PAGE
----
Danny DeVito directs, narrates, and stars as odious patriarch Harry Wormwood in this 1996 adaptation of Dahl’s 1988 novel, released just two years before the author’s death in 1990. Rhea Perlman co-stars as Harry’s equally odious wife and Mara Wilson plays the daughter they resent from birth, a feeling that only gets worse when it’s revealed that the precocious girl—whose hunger for learning runs contrary to their tacky, TV-loving ways—has telekinetic powers. This being Dahl, there’s also a sadistic school principal (Pam Ferris) to torment Matilda, as well as a kindly teacher (Embeth Davidtz) with her own sad secret.
DeVito helps the story’s comedic tone with an emphasis on slapstick (witness the iconic and repulsive cake scene, shared above), balanced out by Wilson’s earnest performance that shows just the right amount of delight when she starts to turn the tables on her awful, awful enemies. Add to that Matilda’s evergreen message about not despairing when you feel like you don’t fit in, and you can see why this offbeat children’s film has developed such a cult following.
At a certain point, all Dahl adaptations just become excellent Dahl adaptations, and your mind begins to wander to questions like “Which of Dahl’s young protagonists had to endure the absolute worst?” One compelling contender is James (Paul Terry), the title kid in Dahl’s 1961 novel and main character in Henry Selick’s Tim Burton-produced 1996 adaptation. After James’ loving parents are killed by a rampaging rhinoceros (!), he’s sent to live with his cruel aunts (Joanna Lumley and Miriam Margolyes), who subject him to misery until he’s able to escape to New York City inside a giant peach with his newfound array of human-sized insect buddies.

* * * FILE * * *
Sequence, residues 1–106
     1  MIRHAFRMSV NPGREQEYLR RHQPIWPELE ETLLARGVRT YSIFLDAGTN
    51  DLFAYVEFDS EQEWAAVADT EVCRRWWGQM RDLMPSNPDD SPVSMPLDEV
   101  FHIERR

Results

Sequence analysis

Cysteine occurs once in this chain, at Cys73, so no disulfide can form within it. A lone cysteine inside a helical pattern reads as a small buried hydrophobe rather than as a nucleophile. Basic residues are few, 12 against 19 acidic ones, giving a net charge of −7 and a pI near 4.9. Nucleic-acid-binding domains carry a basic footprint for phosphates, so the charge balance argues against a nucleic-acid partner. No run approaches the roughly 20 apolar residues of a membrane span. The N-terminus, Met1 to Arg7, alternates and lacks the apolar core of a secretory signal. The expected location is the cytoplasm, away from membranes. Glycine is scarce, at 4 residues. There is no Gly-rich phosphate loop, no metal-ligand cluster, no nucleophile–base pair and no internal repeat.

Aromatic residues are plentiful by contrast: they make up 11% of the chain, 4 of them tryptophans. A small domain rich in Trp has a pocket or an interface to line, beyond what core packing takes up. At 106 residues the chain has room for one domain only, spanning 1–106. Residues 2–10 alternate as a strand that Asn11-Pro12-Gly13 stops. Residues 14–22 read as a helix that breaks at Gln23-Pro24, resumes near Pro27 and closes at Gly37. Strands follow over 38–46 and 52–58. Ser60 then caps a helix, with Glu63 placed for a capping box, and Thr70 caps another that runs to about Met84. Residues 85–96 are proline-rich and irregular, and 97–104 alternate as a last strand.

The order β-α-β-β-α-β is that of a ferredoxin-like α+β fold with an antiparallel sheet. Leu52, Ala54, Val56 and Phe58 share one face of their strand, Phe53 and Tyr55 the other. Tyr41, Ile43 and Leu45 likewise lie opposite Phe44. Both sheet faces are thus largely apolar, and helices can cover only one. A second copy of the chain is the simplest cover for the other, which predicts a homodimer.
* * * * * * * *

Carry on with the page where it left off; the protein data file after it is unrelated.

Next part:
This adaptation gets extra points for being a musical (with tunes by Randy Newman) and cleverly switching to adorable (yet still kinda macabre) stop-motion animation once James enters the peach pit. There’s also fun voice work by Susan Sarandon as the francophone Miss Spider, Richard Dreyfuss as the boisterous Mr. Centipede, among others.
Director Wes Anderson’s live-action movies can sometimes feel exceedingly twee and overly art-directed, but those tendencies were put to their best possible use in this 2009 animated adaptation of Dahl’s 1970 novel. Anderson and Noah Baumbach’s screenplay takes some liberties with the source material, but it’s difficult to imagine a funnier or more gorgeous way to approach the story, rendered in stop-motion so detailed you can see the individual grooves on Mr. Fox’s corduroy suit. Along with every other superlative you can apply to the production values, the voice cast is, of course, perfectly wry, with George Clooney, Meryl Streep, Bill Murray, Willem Dafoe, and others lending their talents to a tale that somehow feels both hipstery-y and timeless.
As we mentioned earlier, there’s a remake coming soon of this deliciously grim tale based on Dahl’s 1983 novel. But it’ll be very difficult to top this version, which hit the big screen in 1990 with director Nicolas Roeg and the effects wizards at Jim Henson Productions pulling the strings.
The story is as simple as it is nightmarish: after the death of his parents, a little boy (Jasen Fisher) and his kindly grandmother spend the summer at a seaside hotel... which happens to also be hosting a convention of witches, led by the elegantly terrifying Anjelica Huston. At the tippy-top of their agenda? The topic of turning all children into mice! The scene where the kid glimpses the witches revealing their true faces is not just the scariest moment in Dahl-movie history, it’s maybe the scariest moment in kiddie-movie history, full stop. And that’s a big reason why we love it so much.
Director Mel Stuart’s 1971 musical take on the 1964 Dahl classic has become a classic itself, led by a gentle, melancholy performance by the late, great Gene Wilder. It also boasts some pretty incredible practical effects, a few genuine scares (two words: tunnel scene), and a tone that embodies so many moods of childhood and beyond—profound wistfulness, crushing disappointment, giddy excitement, and the eternal hope that there’s still room for good, unselfish people to come out on top.